What interested me in the movie was a conversation in the car on the way into the city. The movie hold enormous anger toward the adult daughter. She struggles to remember one good thing about April, who as a teenager used sex, drugs, and arson to torture the family. Finally the mother says that she has one good memory about her adult daughter. Silence fills the car and the teenage daughter and April’s younger sister says, “Mom, that was me.”

The mother transferred a memory about the younger sister to the older sister. This triggers a crisis in the mother and she wants to go home and abandon the plan to have dinner with April.

Again, compensatory memory is invoked until it is unmasked. I thought that is was cruel of the younger sister to claim the memory as her experience and not her sisters. Why could she not have just been quiet and let her mother hold onto the reformatted memory. Perhaps this is how memory and history fuse and evolve into memories that are healing and kinder even though the memory is not true. It becomes true in a new way and tells a story for a higher purpose.

It struck me today that this is what happens when religions borrow stories from each other and reformat the actual events into a higher and greater purpose through the mechanism of compensatory memory. It isn’t that people purposely recreate memories in a purposeful way. It seems to occur on an unconscious level. The new memory serves a higher purpose unless it is unmasked by a teenager in the backseat or by the replay of a video clip.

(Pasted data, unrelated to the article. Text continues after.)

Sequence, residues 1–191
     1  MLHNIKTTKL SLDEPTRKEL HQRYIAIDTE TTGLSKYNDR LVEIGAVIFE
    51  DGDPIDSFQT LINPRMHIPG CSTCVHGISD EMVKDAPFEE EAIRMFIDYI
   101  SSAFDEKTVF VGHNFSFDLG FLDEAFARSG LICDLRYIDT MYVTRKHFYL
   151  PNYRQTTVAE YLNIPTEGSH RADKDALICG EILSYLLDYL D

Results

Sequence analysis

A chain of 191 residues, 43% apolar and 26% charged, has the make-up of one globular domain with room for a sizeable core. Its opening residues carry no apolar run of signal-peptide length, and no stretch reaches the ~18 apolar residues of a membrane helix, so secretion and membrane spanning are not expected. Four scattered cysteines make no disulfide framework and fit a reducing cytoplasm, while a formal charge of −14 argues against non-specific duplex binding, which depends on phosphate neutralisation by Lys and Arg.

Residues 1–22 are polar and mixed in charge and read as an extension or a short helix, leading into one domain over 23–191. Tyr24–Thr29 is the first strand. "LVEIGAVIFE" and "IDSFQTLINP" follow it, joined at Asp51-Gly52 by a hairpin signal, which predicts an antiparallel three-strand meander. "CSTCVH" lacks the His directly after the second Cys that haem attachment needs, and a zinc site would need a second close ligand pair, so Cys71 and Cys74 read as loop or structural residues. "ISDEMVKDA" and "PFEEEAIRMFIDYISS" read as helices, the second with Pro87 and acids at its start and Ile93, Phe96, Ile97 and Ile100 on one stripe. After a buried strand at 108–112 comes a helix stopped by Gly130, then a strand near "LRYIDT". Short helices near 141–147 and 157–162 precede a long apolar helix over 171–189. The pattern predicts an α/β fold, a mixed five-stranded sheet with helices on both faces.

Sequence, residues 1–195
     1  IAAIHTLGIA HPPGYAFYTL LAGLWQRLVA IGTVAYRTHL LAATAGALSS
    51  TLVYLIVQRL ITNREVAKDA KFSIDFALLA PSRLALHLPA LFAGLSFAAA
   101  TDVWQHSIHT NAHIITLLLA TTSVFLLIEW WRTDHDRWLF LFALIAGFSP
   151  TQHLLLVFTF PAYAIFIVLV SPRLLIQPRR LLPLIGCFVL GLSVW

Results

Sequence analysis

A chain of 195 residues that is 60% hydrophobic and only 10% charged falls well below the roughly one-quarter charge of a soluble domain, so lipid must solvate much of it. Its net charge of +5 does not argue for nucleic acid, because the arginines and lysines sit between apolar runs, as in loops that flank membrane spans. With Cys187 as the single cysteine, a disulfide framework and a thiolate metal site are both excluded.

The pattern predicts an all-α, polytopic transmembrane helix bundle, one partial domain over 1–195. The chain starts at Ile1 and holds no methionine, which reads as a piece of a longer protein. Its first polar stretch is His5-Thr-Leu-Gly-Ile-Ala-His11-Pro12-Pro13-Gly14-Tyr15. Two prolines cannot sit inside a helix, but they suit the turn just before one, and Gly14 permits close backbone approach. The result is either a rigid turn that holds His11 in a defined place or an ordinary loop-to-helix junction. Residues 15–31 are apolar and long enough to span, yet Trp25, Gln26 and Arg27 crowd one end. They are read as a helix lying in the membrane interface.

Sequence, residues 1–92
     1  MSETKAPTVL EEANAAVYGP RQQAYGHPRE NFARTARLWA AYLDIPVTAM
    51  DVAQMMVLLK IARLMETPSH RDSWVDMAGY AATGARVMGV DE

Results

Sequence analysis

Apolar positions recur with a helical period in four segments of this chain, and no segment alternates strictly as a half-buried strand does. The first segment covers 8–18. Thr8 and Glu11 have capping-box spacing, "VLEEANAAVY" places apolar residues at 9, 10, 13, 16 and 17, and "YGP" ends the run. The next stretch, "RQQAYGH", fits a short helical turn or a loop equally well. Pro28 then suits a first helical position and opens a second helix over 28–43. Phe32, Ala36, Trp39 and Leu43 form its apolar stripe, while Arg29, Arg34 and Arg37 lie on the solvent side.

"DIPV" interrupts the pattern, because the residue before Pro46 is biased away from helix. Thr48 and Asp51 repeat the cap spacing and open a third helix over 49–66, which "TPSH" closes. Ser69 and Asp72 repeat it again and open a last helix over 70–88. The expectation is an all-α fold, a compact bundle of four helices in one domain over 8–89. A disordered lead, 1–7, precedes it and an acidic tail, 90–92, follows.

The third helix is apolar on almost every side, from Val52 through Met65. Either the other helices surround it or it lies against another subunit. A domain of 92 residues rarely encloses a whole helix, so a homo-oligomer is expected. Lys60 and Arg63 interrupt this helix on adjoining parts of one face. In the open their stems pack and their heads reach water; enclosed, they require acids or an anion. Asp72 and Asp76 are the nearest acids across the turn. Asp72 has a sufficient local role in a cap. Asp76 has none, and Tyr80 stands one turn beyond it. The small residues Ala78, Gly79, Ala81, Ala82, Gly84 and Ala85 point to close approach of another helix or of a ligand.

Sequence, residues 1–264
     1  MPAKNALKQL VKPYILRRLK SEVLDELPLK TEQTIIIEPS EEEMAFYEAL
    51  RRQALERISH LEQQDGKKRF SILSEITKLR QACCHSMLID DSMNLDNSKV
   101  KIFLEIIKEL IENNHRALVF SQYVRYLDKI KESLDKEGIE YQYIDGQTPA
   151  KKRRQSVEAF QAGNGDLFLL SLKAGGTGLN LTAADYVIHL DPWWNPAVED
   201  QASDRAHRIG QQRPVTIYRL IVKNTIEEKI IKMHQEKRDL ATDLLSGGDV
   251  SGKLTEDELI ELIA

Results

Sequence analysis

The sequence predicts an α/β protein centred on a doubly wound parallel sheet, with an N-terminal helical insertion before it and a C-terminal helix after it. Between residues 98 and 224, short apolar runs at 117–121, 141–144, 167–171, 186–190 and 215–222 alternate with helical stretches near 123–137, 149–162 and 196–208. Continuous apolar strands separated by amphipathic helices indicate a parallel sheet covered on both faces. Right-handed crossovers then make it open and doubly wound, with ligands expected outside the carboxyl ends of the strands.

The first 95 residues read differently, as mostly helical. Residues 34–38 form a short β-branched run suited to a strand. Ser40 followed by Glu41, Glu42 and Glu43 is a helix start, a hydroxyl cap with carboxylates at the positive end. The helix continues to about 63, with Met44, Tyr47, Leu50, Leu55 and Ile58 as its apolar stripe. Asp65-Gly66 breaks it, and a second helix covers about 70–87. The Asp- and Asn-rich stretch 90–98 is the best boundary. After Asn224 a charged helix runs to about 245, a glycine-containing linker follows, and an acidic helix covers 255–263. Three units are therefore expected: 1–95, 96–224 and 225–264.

I have been pondering how Lu Dong Bin, an historical figure changes into an immortal among the Taoist  deities and how stories of Jesus are reassigned to him. It is hard to image that people would redact history on purpose to make Lu Dong Bin into a Taoist Jesus. But I can see how it would happen through psychological mechanisms illustrated in the documentary about the Harvard/Yale football game or in the movie Pieces of April.

Nero psychology has long studied this phenomenon. It is called Source-monitoring error which is a type of memory error whereby the source of a memory is attributed to times, places, or people that are not the memory’s actual source. These errors can occur for a multitude of reasons but more specifically they occur either as a result of poor initial encoding of the events or either of the two broad judgement processes used in source-monitoring (heuristic and systematic) are disrupted when the time comes to determine a memory’s source. Factors that may illicit source-monitoring errors are time constraints, high levels of stress, depression, distractions, alcohol and drug use, or damage to relevant brain areas. It is a feature in both healthy and unhealthy people.


  • Johnson, M.K., Hashtroudi, S., Lindsay, D.S. (1993). Source Monitoring. Psychological Bulletin, 114(1), 3–28
  • Landau, J.D., Marsh, R.L. (1997). Monitoring Source in an Unconscious Plagiarism Paradigm. Psychonomic Bulletin and Review, 4(2), 265–270
  • Lindsay, D.S., Johnson, M.K. (1991), Recognition memory and source monitoring. Psychological Bulletin, 29(3), 203–205


    About daleinchina

    Chongqing University of Arts and Sciences.